With all the confusion and misreporting of the ongoing situation in South Korea these days, allow me to offer a commentary. After all, that is where I live. I hope to help readers sort out what is going on and better form opinions on the topic.
I feel that I have something worthwhile to contribute to the discussion of the Park Geun-Hye scandal and the protests going on in Seoul this weekend. I have been working and living in South Korea for around 9.5 years. During that time, I have stayed active as an advocate and adviser to fellow foreign teachers, and been in touch with the labour and peace movements, often going to meetings and participating in street demonstrations. I have thus stayed informed of national politics, labour movement activities and peace issues. With that credential, in addition to my history as a progressive activist based in Canada at an earlier time and connected to the international anti-imperialist movement since then, I want to offer a commentary on the current mass actions in Seoul.
There are many points to consider, which reflect the usual contradictions and competing interests of this modern tiger society and shifts taking place nationally and internationally. I have singled out 10 factors here. It helps to consider the interests and momentum of (1)the organized labour movements, (2) the break-ups and regrouping among conservative and liberal democratic political factions, (3)the policies and positions of the Park Geun-Hye regime, (4)US-South Korea relations, (5)South Korea-Japan relations, (6)the influence of developments in the US, (7)the South Korean economy, (8) rumours, (9)the media in South Korea, and (10)the overall situation of global instability and fear whose causes are manifold: terrorism, militarization, rivalry, economic turmoil, disillusionment with many of the arrangements and institutions of global monopoly capitalism such as the European Union and banking.
(1)Reports on the mass actions taking place in downtown Seoul this weekend have largely failed to report that it is labour day weekend (Nov. 13) and that the Korean Confederation of Trade Unions had already been engaging in an accelerated mobilization since mid-October leading up to a big demo on Saturday the 13th. The mobilization was nation-wide and many actions happened in several cities around the country. There have even been partial work stoppages. As an element of this mobilization, labour leaders were calling for the ousting of Park Geun- Hye before the scandal broke out. This year's mobilization follows the militant one of last year, after which Park Geun-Hye was strongly criticized for massive repression against union organizers by raiding their offices, using water canons, and taking legal action to imprison the President of the KCTU. A man recently died due to injuries sustained in a water canon attack of November, 2015. The KCTU was sentenced to 8 years in prison for leading the organization of the demonstrations at that time. Many factions of the democracy movement have been supporting the defense of the labour unions, rule of law and parliamentary democracy since late 2015.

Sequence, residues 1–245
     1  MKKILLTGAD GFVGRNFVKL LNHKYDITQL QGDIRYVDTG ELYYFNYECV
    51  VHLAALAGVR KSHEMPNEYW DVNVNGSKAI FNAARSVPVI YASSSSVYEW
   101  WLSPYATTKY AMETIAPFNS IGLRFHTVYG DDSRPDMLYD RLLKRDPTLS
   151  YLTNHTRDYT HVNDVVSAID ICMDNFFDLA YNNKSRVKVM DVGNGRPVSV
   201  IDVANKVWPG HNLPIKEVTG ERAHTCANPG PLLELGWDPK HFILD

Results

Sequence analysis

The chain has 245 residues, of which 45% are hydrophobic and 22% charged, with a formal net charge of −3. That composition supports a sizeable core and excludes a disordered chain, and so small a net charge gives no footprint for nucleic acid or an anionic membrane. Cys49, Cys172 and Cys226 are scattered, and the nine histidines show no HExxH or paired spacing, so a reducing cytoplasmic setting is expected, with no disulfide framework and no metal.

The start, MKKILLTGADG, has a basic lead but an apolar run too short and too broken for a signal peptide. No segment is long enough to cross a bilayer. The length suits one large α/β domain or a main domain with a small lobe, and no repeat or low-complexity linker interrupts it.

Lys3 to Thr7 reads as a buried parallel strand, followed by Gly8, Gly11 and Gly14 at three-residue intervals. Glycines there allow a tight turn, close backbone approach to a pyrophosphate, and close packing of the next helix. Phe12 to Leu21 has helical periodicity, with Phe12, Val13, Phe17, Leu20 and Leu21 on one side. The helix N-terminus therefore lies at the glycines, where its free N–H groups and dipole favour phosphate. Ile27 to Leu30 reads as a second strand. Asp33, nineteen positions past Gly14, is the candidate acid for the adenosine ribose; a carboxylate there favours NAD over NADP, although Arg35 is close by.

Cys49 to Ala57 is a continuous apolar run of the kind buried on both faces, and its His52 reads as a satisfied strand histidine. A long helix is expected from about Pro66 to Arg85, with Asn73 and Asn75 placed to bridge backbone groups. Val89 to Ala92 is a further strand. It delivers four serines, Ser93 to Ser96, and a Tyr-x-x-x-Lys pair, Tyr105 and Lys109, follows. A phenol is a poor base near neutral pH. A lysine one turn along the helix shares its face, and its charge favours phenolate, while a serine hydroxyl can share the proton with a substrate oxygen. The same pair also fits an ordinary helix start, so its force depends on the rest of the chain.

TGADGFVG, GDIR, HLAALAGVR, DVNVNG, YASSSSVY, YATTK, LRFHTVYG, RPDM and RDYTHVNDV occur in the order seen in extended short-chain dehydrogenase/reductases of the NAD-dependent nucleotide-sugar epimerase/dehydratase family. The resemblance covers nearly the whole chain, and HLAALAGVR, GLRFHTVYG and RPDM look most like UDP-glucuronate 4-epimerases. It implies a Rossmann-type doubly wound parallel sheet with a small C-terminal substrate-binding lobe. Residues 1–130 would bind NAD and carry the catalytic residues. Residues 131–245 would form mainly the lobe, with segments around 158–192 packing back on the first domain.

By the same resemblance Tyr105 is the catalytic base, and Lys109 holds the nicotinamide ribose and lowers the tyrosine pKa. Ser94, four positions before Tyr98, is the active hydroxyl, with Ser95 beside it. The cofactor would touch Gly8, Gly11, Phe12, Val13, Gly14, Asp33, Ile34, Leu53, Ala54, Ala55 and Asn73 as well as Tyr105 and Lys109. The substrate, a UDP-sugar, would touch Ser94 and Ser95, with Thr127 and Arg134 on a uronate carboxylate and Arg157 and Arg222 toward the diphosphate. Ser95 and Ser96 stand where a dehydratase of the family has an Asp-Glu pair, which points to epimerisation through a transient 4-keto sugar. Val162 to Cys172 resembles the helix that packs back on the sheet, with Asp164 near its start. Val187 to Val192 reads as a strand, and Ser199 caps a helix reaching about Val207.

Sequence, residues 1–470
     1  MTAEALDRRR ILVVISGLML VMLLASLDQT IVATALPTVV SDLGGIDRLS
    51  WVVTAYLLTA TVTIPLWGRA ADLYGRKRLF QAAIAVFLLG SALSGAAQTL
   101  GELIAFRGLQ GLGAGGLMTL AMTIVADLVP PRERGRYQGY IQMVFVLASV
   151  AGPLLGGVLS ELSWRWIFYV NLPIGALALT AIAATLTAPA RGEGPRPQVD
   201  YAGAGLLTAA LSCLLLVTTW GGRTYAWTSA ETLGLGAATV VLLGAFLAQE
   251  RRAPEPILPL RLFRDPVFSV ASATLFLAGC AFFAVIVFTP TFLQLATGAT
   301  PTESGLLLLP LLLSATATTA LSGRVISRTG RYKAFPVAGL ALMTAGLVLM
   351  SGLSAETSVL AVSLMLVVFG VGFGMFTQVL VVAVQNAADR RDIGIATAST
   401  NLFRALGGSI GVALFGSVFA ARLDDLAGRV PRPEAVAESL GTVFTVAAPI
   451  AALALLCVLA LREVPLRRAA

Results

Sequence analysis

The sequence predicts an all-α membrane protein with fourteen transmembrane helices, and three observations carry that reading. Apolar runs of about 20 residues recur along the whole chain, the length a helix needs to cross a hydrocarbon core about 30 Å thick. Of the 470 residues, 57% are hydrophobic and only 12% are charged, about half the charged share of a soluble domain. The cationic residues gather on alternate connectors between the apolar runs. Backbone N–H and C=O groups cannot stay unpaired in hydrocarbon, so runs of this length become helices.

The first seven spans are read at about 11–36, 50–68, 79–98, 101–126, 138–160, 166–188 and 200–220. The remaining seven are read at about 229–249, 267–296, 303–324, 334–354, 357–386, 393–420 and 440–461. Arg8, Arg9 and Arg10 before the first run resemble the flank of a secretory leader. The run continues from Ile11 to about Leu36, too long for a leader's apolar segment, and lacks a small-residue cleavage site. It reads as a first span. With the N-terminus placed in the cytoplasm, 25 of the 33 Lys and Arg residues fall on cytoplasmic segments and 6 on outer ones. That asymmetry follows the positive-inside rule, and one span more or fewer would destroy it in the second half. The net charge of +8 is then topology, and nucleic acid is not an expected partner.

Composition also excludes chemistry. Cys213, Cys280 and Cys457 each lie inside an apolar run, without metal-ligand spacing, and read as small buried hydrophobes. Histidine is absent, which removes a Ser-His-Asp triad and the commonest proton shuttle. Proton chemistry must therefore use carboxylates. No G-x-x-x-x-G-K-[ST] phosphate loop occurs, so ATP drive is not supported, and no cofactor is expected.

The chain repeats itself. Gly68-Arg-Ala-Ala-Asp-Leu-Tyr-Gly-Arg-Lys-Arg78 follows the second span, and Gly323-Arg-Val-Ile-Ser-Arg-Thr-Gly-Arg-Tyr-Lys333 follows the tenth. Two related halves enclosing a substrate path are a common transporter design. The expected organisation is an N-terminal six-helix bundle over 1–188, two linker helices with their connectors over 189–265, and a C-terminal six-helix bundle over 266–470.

(2)Because of an economic downturn, labour issues (including increasing use of irregular labour as well as the right to organize) concerns about democratic rule, militarization, and relations with the US and Japan have lead to growing dissatisfaction with the current Senuri Party government lead by President Park Geun-Hye. More recent events have fed the lingering concerns such as those surrounding the Sewol ship disaster, free trade agreements with the West, and tug-of-wars with the US. The dissatisfaction was expressed in the national election of the House of Representatives last April, when the Senuri Party lost many seats to the point where it lost majority rule. This political upset has broken up alliances and support within the Senuri Party and without. It has created space for new political developments and encouraged both radical progressives and right-wingers to take steps. No doubt that there is a power struggle surging within the Senuri, and the right and center-right in general.
(3)Park-Geun-Hye's policies have been questioned. The Korean people are afraid of an outbreak of war and always doubting the relations with the US, so the missile defense agreement and the installation of THAAD, the cooperation with Japan, plus the controversy over the US' demand that South Korea increase its share of paying for the participation of the US military at bases in South Korea (already at 40% of the US costs) have caused the public to worry. There is also disappointment with the back-pedaling on agreements with North Korea and set-backs in steps towards reunification. Meanwhile, the gap between rich and poor is growing and the availability of full-time work decreasing, but the voting public cannot see policies to address the crisis. Though a small national pension as well as a small childcare subsidy has been instituted, around half of the countries aged in this period of an aging population live in extreme poverty. Though South Korea is known for investment in higher education and a high rate of post-secondary participation, and the government since Lee Myung Bak initiated a clean-up and regularization of higher education, fewer graduates are finding full-time work suitable to their qualifications. In addition, the society is tired of corruption, and the few small steps taken by the current government are not enough for them. The fact that President Park and many of her associates are related or involved in Samsung, a conglomerate wracked by episodes of corruption year after year, does not help them.